At the end of the treatment period, drop in TEER was significantly smaller when the urothelium was exposed for 15 min to 0.001% PLL compared to either a higher concentration of PLL (0.01%) or longer exposure time (30 min; Figure 3
and Figure 4
). Only the minority of the superficial cells were exfoliated at the end of 15 min exposure to 0.001% PLL (Figure 5
B), and this treatment with PLL would probably not be enough to remove the reservoirs of Escherichia coli
in the superficial urothelial cells.
Fifteen-minute exposure to 0.01% PLL or 30 min exposure to either concentration of PLL resulted in the same reduction of TEER at the end of the treatment period (approximately 10 to 30% of the baseline value). Morphologically, 15 min exposure of the urothelium to 0.01% PLL resulted in extensive umbrella cell desquamation. However, it is important that the desquamation was limited to the superficial cells only (Figure 5
C,C’). With more extensive desquamation of urothelial cells, more time was needed during the regeneration period to attain the TEER values of the control tissue. After 15 min treatment with 0.01% PLL, TEER values reached the control values at approximately 2.5 to 3 h after the end of the treatment, and at the end of the regeneration period no cell desquamation was observed. Newly exposed intermediate cells were not finally differentiated, but they were already at a higher stage of cell differentiation compared to the end of the treatment period (Figure 6
C,C’). This is in agreement with the fact that urothelial regeneration after induced injury is much faster than physiological renewal [4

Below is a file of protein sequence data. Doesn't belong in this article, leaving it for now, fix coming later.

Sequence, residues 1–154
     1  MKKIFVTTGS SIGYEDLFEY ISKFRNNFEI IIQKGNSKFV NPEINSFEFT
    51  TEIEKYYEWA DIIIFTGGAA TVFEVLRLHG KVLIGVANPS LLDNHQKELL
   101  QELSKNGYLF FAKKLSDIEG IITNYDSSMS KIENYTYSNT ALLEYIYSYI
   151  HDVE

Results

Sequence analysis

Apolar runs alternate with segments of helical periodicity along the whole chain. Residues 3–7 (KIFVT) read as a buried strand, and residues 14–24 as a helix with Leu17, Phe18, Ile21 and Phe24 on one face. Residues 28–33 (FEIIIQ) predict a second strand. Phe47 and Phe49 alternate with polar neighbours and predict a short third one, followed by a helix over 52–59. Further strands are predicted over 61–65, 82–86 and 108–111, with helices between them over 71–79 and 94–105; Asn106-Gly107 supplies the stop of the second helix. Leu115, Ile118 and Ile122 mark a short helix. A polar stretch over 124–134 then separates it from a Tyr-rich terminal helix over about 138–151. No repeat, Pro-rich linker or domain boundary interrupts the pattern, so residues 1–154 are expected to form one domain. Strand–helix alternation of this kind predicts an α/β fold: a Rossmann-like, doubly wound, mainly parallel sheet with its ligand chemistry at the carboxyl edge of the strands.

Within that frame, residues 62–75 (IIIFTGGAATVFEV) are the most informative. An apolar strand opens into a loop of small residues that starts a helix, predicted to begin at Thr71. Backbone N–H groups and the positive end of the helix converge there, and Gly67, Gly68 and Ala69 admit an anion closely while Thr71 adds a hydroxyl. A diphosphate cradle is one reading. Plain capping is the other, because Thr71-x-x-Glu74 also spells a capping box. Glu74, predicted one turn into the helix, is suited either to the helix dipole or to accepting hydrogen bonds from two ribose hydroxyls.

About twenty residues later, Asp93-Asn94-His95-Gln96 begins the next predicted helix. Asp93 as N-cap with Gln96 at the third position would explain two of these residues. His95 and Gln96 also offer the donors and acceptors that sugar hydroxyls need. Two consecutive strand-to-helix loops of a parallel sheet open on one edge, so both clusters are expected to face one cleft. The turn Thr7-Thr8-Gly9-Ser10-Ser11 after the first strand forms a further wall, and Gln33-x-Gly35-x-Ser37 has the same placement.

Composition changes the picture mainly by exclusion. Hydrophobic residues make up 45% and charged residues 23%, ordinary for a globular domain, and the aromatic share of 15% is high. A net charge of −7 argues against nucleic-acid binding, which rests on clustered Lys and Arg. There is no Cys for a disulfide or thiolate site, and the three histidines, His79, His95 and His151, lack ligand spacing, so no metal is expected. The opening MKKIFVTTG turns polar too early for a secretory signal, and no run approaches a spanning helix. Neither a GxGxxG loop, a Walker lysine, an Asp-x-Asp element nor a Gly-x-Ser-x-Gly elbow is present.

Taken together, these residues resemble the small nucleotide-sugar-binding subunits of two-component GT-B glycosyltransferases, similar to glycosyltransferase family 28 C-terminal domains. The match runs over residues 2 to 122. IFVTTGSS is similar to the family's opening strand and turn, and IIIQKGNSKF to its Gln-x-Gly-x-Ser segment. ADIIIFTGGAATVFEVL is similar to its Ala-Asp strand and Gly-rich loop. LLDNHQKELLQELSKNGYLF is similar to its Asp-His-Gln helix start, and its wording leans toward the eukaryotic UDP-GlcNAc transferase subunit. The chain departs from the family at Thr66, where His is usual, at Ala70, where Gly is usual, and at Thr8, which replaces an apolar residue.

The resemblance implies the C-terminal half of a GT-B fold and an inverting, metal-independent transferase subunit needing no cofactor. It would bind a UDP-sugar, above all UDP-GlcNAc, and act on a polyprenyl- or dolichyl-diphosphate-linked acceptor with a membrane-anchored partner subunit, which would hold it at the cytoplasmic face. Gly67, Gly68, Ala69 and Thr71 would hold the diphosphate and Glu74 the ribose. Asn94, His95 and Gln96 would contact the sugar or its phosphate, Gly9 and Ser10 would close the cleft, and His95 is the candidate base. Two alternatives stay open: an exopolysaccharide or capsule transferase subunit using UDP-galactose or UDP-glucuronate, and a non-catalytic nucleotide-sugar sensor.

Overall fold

In the regeneration period the urothelium recovered from induced desquamation. The rate of recovery was different among tissue pieces, which is expected in biological samples. Moreover, TEER values of the control tissue also gradually increased throughout the experiment, while the relative TEER values were normalized to the TEER value at the end of the equilibration period. Both facts increase the standard deviations of the measured values at the later time points. In some cases, TEER values at the end of ex vivo experiments were even higher compared to the values at the end of the equilibration period. However, as shown in our previous study, this was not a consequence of hyperplasia [5
Therefore, from the ex vivo experiments we concluded that 15 min treatment with 0.01% PLL yields promising results for potential use of PLL as a desquamation inducer of the urothelium. The influence of PLL on urothelial structure and function is mostly influenced by PLL concentration, whereas the treatment time and the molecular weight of the polymer had a minor effect. Comparing the influence of chitosan on the permeability of isolated pig urothelium, it was time and concentration dependent [12
We evaluated urothelial desquamation and regeneration using TEER measurement as a quantitative method on the one hand, and analyzed the urothelial structure by scanning electron microscopy on the other hand. By these two methods we examined the level of functional and structural regeneration of this tissue after induced desquamation. Scanning electron microscopy has been proven in our previous studies [5
] as the most appropriate method to detect changes in the differentiation stage of urothelial cells. Namely, differentiation levels of these cells are best reflected in the structure of apical plasma membrane. The structuration of the apical plasma membrane into microvilli (cells at low differentiation stage), ropy ridges (cells at high differentiation stage) or specifically scalloped surface (terminally differentiated cells) has been shown as a relevant marker of urothelial cell differentiation [4